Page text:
You might have already played something like this. Ubisoft’s Rayman Fiesta Run (and the almost-as-strong Jungle Run before it) is one of the absolute best examples of how to take a brilliant console game and make it just as strong of a mobile experience. And just as the core Rayman games learned their tricks from Mario, Nintendo seems to be taking cues from that kind of experience now in turn.
2. Making it premium is crucial
One purchase unlocks the full game, including the bonus Toad Rally social mode.
Actually, the mobile Rayman series did have a recent misstep: Last year’s Rayman Adventures took the Fiesta Run formula, cut off the price tag, and loaded it with a lot of freemium tedium. The core game experience suffered because of the power-ups and peripheral annoyances, and the resulting game just wasn’t as strong overall.
Thankfully, Nintendo seems to be avoiding that with Super Mario Run. The game will be a free download, which will help it land on many, many more devices than a paid app, but you’ll only get a taste of the full game for free. Unlocking levels won’t require watching video ads or waiting on timers. Instead, you’ll just pay once to get access to the entire game. We don’t know the price yet, but even if it’s higher than the average mobile game, it’ll probably be worth it.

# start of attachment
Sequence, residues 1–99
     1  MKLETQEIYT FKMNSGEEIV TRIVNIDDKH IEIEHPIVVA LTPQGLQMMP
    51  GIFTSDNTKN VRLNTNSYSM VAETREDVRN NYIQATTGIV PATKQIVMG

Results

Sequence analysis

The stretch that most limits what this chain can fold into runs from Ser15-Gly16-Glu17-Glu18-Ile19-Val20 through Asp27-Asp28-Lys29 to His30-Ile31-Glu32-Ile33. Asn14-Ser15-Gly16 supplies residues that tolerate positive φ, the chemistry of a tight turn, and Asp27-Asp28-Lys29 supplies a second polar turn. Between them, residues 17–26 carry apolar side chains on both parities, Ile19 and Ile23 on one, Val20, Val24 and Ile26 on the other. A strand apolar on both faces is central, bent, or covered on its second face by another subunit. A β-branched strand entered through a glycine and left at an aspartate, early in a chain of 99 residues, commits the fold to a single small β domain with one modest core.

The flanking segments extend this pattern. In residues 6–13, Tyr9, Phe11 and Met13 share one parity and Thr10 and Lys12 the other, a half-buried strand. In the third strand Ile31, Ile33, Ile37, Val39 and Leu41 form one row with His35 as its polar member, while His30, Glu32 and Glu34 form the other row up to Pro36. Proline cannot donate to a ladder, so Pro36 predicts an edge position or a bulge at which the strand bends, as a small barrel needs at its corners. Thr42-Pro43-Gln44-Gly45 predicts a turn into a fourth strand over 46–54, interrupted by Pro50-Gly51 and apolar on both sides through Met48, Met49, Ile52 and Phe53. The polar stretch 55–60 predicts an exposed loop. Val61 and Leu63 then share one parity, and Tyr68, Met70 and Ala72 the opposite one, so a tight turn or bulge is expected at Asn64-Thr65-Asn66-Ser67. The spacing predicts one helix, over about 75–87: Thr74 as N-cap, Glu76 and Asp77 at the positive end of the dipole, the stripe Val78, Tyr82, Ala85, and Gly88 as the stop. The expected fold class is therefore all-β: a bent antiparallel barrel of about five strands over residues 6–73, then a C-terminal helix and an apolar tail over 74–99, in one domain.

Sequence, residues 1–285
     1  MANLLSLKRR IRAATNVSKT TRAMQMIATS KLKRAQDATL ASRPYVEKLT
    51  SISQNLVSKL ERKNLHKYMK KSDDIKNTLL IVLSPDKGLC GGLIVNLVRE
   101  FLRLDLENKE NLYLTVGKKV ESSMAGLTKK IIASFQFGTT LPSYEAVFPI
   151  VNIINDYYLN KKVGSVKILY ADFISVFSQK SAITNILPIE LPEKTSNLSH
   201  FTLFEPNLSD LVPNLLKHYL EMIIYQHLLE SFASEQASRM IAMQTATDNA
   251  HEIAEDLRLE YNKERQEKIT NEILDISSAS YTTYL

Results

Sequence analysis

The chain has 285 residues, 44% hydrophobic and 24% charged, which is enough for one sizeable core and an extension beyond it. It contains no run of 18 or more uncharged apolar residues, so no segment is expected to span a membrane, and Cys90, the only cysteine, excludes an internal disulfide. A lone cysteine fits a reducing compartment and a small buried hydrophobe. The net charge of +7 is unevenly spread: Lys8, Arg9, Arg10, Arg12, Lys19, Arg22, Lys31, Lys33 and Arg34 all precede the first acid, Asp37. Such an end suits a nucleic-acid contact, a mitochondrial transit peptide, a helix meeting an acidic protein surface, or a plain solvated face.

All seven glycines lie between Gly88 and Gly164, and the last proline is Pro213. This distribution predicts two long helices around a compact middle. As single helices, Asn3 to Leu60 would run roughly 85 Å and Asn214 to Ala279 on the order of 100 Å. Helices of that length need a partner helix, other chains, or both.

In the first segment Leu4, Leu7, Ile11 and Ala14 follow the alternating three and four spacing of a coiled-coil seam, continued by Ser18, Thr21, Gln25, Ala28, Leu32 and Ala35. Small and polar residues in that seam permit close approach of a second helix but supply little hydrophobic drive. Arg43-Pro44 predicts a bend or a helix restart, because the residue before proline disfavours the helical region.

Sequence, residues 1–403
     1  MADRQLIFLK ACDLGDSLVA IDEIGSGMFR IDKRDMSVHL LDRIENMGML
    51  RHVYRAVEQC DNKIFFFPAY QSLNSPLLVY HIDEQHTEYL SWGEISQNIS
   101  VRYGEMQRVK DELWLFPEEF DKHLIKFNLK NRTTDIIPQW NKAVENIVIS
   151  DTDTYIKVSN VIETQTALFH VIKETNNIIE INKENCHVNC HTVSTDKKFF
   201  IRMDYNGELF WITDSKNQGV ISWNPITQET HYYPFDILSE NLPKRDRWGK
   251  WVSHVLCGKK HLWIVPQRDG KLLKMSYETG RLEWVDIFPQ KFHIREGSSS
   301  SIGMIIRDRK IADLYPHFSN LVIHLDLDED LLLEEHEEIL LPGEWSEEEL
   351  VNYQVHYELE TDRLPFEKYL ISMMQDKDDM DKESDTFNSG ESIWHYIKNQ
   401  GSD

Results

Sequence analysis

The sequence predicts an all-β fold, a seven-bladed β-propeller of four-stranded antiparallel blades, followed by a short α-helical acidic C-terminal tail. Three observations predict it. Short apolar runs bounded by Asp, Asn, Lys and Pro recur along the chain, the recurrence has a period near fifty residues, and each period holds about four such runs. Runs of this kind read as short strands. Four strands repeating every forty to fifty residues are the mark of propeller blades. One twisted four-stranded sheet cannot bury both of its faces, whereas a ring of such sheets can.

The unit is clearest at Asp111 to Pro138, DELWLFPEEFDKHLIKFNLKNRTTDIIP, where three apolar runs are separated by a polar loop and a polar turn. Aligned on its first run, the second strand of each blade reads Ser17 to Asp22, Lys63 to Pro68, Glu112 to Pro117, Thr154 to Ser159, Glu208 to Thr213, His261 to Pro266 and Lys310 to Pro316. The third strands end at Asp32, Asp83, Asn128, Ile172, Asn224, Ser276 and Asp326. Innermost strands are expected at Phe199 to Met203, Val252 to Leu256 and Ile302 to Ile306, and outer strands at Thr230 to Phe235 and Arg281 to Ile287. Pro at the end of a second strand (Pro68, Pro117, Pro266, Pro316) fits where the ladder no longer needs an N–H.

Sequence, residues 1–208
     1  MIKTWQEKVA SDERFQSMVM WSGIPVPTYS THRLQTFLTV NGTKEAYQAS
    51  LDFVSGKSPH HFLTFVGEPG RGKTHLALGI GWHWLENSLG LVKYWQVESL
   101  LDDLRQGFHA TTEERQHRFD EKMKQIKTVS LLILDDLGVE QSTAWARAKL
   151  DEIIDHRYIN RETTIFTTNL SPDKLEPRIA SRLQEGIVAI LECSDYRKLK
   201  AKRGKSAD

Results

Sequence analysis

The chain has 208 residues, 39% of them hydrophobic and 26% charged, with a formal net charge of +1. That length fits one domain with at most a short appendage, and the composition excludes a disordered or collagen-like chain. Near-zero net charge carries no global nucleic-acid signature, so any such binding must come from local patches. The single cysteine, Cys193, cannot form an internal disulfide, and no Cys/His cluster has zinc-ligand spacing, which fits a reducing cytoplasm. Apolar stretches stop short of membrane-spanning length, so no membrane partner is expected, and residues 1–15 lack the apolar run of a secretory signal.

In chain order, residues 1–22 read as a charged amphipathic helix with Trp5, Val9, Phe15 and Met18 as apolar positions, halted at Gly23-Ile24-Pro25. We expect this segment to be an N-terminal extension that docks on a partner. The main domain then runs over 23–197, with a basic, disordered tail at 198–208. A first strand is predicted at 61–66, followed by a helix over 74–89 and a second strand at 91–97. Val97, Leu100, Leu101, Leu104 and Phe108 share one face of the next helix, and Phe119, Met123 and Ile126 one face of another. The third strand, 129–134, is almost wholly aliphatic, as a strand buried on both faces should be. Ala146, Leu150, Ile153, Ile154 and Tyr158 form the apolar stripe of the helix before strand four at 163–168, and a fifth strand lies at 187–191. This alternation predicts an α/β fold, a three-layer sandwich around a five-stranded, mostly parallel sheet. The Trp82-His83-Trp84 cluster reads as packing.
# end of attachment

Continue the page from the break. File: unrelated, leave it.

That’s an absolutely essential step—and a surprising one too. Partnering with mobile giant DeNA for iOS and Android games seemingly ensured that we’d see only free-to-play stuff, but the idea of muddling a classic Mario experience with in-app purchases, timers, and other freemium shenanigans seems like sacrilege. Putting a price tag on the experience was the only way to satisfy core Mario fans by keeping the console feel of the game intact. And I imagine parents will be pretty happy to just pay once and be done, as well.
3. It’s good for both Nintendo and mobile gaming
Unsurprisingly, there have been plenty of hot takes on Super Mario Run over the last couple days. For instance, Engadget writer Sean Buckley says Nintendo is “[losing] a bit of its identity” with the game because it’s not particularly innovative. However, neither were the previous New Super Mario Bros. games from which Super Mario Run borrows its visual style.
On the other hand, John Davison writes over at Rolling Stone that Super Mario Run is “Nintendo’s ultimate Trojan horse” to get mobile players into not only console games, but maybe even console hardware too—especially with the NX looming. He also notes that Pokémon Go’s success spurred sales of Pokémon console games and merchandise, and suggests the same could happen with Mario and Nintendo’s own platforms.
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